Yet doing so has led to charges that he isn't supportive of a Democratic-led Senate, and that has led to backlash from liberal groups and public unions -- who Cuomo has struggled to court.
He narrowly won the support of the Working Families Party in 2014, and Teachout's better-than-expected primary run exposed Cuomo's weakness with the left.
Cuomo has sought to shore up his liberal base, urged Democrats in the Senate to reunite and has had better poll numbers with liberals -- aided by his record of increasing the minimum wage, expanding paid family leave and protecting abortion rights.
He will roll out his agenda for 2018 starting with his State of the State address in January.
He still faces the prospect of a primary next year. Syracuse Mayor Stephanie Miner and former state Sen. Terry Gipson are both exploring primary runs.
The group, NY Progressive Action Network, which helped Teachout's campaign, said last summer it has "publicly been seeking to find a strong candidate to take on Cuomo in 2018 and to unite the progressive wing of the party behind that candidate."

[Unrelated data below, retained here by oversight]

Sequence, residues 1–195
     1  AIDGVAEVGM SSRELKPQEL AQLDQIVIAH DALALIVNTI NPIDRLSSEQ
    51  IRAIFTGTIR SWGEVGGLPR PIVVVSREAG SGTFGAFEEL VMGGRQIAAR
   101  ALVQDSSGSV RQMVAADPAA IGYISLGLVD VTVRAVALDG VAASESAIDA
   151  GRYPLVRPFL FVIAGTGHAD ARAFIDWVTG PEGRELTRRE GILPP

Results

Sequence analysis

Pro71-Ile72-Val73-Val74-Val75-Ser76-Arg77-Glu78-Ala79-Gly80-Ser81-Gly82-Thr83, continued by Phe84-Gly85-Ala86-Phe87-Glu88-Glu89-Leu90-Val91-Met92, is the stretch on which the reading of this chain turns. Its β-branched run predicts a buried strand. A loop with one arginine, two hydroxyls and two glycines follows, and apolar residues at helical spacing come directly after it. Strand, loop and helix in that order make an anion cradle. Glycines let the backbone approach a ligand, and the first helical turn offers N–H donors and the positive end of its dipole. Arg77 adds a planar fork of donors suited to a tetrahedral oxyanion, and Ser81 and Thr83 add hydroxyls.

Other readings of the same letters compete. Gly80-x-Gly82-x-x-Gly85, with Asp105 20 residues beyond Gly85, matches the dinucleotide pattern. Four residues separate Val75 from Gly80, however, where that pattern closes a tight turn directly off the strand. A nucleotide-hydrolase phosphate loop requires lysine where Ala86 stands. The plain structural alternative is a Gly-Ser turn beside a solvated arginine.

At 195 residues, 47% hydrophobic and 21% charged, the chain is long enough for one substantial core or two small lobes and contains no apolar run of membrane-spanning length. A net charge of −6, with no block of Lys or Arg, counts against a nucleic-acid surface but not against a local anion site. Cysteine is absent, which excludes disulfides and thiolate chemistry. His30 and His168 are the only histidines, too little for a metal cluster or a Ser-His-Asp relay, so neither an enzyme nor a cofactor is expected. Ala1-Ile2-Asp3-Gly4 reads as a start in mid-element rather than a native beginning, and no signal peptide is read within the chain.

In his first term in particular, Cuomo shunned the national spotlight -- despite being the governor of one of the nation's largest states and being the son of a liberal icon.
But with Trump in the White House and the hurricanes that hit the Caribbean, Cuomo has branched out.
He has done more national television news shows, visited the Caribbean three times after the hurricanes, traveled overseas to Israel and made two trips this year to California to raise money for his re-election.
So far, Cuomo is often not mentioned in the national conversation for 2020 or, if he is, he is near the bottom of the list.
For example, a University of New Hampshire's Granite State Poll didn't even include Cuomo its survey last month of possible hopefuls. The one included from New York: Sen. Kirsten Gillibrand, who got 1 percent support.
It's early, of course, to game out who will be prospective candidates, the poll's director Andrew Smith said, but Cuomo isn't someone talked about in the early primary state.
"I think there would be some older people who would remember his father, but I hate to break it to the people in New York, but being governor of New York doesn’t really mean much to people in New Hampshire," Smith said.